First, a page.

UBC zoologist Charles Krebs has just completed the most ambitious ecological stakeout ever.
The life and death cycle of snowshoe hares in Canada's North has been observed for more than 300 years but remains one of nature's enduring mysteries. In regular nine to 10-year intervals, hares from Alaska to Labrador increase and then die in startling numbers. Populations can plummet from 300 animals per square kilometre to one.
From 1986 until last September, Krebs and his colleagues have been monitoring virtually all hare movement in sections of Yukon spruce forest. The dogged team of technicians and researchers compiled an exhaustive, daily chronicle of hare interactions including what they eat, how they forage, defecate, mate and, most especially, how they interact with predators.
"There is no doubt that predation causes mass paranoia among these hares who are constantly looking over their shoulders during the declining phase of each cycle," says Krebs.
Chronic stress caused by predation is the subject of one of the more than 103 publications and theses produced by the multimillion-dollar project funded by the Natural Sciences and Engineering Research Council (NSERC).
The team tested theories about the hare population cycle by sectioning off two, square-kilometre blocks of wilderness with electrical fencing to keep out lynx, coyotes and other mammal predators. The idea was to observe the effects on hares of reduced predation and additional food, both by themselves and in combination. Fertilizer was also spread around two large blocks of forest to see what effect added plant growth had on hare populations.
To collect their data, researchers trapped and attached radio collars to more than 1,000 hares, red squirrels, and predators like lynx and coyotes and monitored their whereabouts each day. Results from the project showed that while both food and predation play a role in generating hare cycles, they alone are not the root causes. The combined treatment of predator reduction and additional food supplies delayed the decline but did not prevent it.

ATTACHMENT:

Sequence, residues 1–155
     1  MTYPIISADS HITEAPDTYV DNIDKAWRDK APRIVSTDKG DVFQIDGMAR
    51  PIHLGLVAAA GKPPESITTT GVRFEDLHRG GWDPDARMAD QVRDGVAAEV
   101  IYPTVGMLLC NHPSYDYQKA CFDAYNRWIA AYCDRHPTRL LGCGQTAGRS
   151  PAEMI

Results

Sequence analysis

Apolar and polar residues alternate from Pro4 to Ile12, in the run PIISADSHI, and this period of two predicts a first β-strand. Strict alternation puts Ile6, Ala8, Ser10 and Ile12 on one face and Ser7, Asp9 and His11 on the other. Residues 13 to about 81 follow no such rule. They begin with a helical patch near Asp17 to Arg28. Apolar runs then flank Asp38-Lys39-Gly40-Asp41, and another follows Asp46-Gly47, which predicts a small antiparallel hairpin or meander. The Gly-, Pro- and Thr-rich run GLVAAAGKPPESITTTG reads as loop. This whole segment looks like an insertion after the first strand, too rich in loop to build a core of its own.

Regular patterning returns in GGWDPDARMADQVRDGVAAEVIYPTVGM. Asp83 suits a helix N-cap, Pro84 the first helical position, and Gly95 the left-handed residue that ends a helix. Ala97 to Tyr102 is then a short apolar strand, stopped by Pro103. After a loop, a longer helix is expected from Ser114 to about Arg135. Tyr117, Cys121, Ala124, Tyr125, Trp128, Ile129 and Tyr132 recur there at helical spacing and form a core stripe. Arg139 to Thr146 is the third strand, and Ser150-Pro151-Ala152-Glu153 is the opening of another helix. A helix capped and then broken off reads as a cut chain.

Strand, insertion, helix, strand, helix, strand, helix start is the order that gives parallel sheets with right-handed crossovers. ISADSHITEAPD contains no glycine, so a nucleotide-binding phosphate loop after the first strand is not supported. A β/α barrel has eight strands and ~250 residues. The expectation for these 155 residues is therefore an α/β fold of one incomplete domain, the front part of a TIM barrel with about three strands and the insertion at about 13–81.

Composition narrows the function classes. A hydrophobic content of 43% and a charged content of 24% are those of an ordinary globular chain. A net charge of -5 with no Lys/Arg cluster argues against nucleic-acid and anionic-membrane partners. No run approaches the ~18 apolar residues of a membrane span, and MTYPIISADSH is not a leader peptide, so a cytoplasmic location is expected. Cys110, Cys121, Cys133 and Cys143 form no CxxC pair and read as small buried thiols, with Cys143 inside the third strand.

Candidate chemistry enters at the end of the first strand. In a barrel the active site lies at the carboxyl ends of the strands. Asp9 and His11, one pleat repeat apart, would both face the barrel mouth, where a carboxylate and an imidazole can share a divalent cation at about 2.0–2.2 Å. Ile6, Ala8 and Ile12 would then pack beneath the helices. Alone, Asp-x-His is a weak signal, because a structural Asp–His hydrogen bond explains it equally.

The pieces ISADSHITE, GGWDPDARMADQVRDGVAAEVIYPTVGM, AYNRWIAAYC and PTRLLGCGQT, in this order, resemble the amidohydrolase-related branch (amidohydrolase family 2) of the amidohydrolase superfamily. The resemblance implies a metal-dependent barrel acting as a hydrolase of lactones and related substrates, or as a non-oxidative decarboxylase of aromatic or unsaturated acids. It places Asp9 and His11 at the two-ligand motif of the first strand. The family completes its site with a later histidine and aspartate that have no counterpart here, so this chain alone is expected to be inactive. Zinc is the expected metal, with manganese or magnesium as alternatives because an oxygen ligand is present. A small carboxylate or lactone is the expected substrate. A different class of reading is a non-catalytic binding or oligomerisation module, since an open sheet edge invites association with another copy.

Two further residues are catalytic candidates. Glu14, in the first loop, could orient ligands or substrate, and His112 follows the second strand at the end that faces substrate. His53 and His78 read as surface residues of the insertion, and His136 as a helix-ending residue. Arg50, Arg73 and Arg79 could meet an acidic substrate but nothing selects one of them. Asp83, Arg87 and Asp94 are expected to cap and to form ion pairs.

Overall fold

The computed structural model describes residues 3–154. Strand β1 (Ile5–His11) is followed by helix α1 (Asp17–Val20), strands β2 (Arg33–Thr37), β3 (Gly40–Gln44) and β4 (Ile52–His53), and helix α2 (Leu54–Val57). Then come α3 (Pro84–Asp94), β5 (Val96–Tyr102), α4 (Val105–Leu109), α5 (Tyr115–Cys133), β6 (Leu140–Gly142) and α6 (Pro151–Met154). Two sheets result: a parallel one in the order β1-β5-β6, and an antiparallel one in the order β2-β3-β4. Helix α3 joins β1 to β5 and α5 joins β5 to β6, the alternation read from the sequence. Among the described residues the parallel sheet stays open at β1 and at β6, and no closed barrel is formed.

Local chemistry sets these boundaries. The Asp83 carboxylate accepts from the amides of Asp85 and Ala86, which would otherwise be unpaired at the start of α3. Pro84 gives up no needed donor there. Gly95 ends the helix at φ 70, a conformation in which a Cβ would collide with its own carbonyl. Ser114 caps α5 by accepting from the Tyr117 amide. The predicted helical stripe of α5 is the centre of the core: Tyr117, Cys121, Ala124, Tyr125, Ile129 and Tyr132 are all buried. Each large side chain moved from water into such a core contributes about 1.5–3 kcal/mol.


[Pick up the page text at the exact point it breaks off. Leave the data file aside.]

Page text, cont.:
"If both food and predation are together sufficient to explain population cycles in snowshoe hares, why were we not able to prevent the decline entirely in the combined treatment area?" Krebs asks.
Owls and other raptors are part of the reason since they cause 40 per cent of predation and the enclosures failed to eliminate them. Attempts to string up nets and fishing line to ward off birds of prey were ineffective due to snow buildup.
The study also refutes a previously held theory that food shortage followed by predation gives rise to the cycle. Krebs asserts the phenomenon results from a complex, three-level interaction among herbivores (hares), their food plants, and their predators.
The team found that almost all snowshoe hares in the study area died from predator attack. From 1989 to 1993, predation accounted for 83 per cent of deaths among radio-collared hares and only 9 per cent were attributed to starvation.
The electrical fencing and additional food supplies did produce a dramatic effect in the experimental enclosures. Averaged over both the peak (1989-90) and decline (1990-93) phases, predator exclusion approximately doubled the density of hares, food addition tripled density and the combined treatment increased density eleven-fold.
Krebs' team, including Tony Sinclair, Jamie Smith, Roy Turkington, and Kathy Martin from UBC, and three others drawn from the universities of Alberta and Toronto, worked from a research campsite operated by the Arctic Institute on the boundary of Kluane National Park.
Situated 150 kilometres west of Whitehorse in the midst of virgin spruce forest, Krebs says the project was as much a test of human dynamics as those of the animals they were observing.
"It is a great achievement for those involved to have sustained that level of data collection over such a prolonged period in such a remote location," says Krebs. "It's certainly a benchmark for future large-scale research projects."
Krebs is presently using a Killam Research Fellowship to write up the results of the research in a publication tentatively titled, Vertebrate Community Dynamics in the Yukon Boreal Forest.